By 30, you should know…
18. How to quit a job, break up with a man, and confront a friend without ruining the friendship.

Well isn’t this week’s List item just a bowl of sunshine?

I could keep my response as brief as this: If you’ve mastered any of these techniques, please let me know.

Instead, I’ll do as I do, and share a few (mostly unsuccessful) experiences of my own…

My parents taught us to never quit — if you commit to something, you see it through. So perhaps this lack of practice in my adolescent years could explain why I’m quite awful at quitting a job.

Example 1: I left my college retail job for a call center job (making double what I did at the mall), only to confirm within a few weeks that I was not meant to be in customer service or scripted phone calls. I was very fortunate to find an external role just two months later, which put my degree to use and was sure to grant me more success. The problem? I needed to start with two days’ notice to my current employer. And while I knew going into the call center that I wouldn’t be a lifer, I felt absolutely terrible. I ummed and ahhed my way through a verbal resignation, hanging my head as I handed over a poorly written notice letter. Was my manager surprised? Not one bit. But I felt like a doof all the same and swore I’d never fumble my way through the experience again.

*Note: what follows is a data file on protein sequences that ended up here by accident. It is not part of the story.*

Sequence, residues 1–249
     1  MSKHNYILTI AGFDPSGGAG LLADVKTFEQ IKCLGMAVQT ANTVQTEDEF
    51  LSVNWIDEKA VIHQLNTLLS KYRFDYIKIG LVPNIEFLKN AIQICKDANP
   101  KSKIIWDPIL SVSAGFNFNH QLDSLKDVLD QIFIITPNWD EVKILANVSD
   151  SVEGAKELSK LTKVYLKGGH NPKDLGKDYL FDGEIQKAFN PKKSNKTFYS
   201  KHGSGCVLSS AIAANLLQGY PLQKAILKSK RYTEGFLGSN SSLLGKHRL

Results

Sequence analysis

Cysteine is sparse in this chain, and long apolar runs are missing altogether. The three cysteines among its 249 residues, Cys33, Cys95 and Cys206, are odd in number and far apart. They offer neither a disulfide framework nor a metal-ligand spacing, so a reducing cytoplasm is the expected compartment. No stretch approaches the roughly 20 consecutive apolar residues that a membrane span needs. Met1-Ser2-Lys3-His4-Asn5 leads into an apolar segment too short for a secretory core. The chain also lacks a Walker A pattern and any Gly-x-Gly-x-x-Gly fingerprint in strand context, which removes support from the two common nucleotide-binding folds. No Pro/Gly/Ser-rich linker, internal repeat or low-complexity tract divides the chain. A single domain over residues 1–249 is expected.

Example 2: A few years later, it was time for me to move on and pursue a relocation opportunity in New York City. This dream of mine was finally going to happen, but I had to go through the nightmare of resigning first. This time, I was able to give plenty of notice — I just wasn’t sure if my employer would grant it to me or send me packing that afternoon. What happened, instead, was a somewhat more coherent resignation speech and letter to my VP, plus a personal Facebook post that evening announcing my relocation. I didn’t specify whether or not I was leaving my company (we had an NYC office), and my post was not visible to non-friends. I came into work the next morning to a message from my VP, asking to see me. They were upset because they “hadn’t accepted [my] resignation.” They lectured me about the importance of social media and not burning bridges, but I remained baffled. I’d already signed paperwork with my next employer, and felt I’d done my due diligence by giving as much notice as possible. I hadn’t disparaged my employer in any way, shape or form; and someone had clearly shared my post with my VP for them to even see it. My heart beats rapid-fire even now, more than four years later, at the thought.

If only I’d had these articles to guide me then!